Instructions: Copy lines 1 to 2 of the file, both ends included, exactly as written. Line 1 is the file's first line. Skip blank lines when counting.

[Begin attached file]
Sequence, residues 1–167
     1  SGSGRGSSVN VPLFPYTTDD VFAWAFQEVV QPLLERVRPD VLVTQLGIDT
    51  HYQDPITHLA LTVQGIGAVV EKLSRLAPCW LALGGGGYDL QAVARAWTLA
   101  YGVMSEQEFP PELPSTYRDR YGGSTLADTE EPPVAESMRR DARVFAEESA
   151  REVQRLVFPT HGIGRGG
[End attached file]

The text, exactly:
Sequence, residues 1–167
     1  SGSGRGSSVN VPLFPYTTDD VFAWAFQEVV QPLLERVRPD VLVTQLGIDT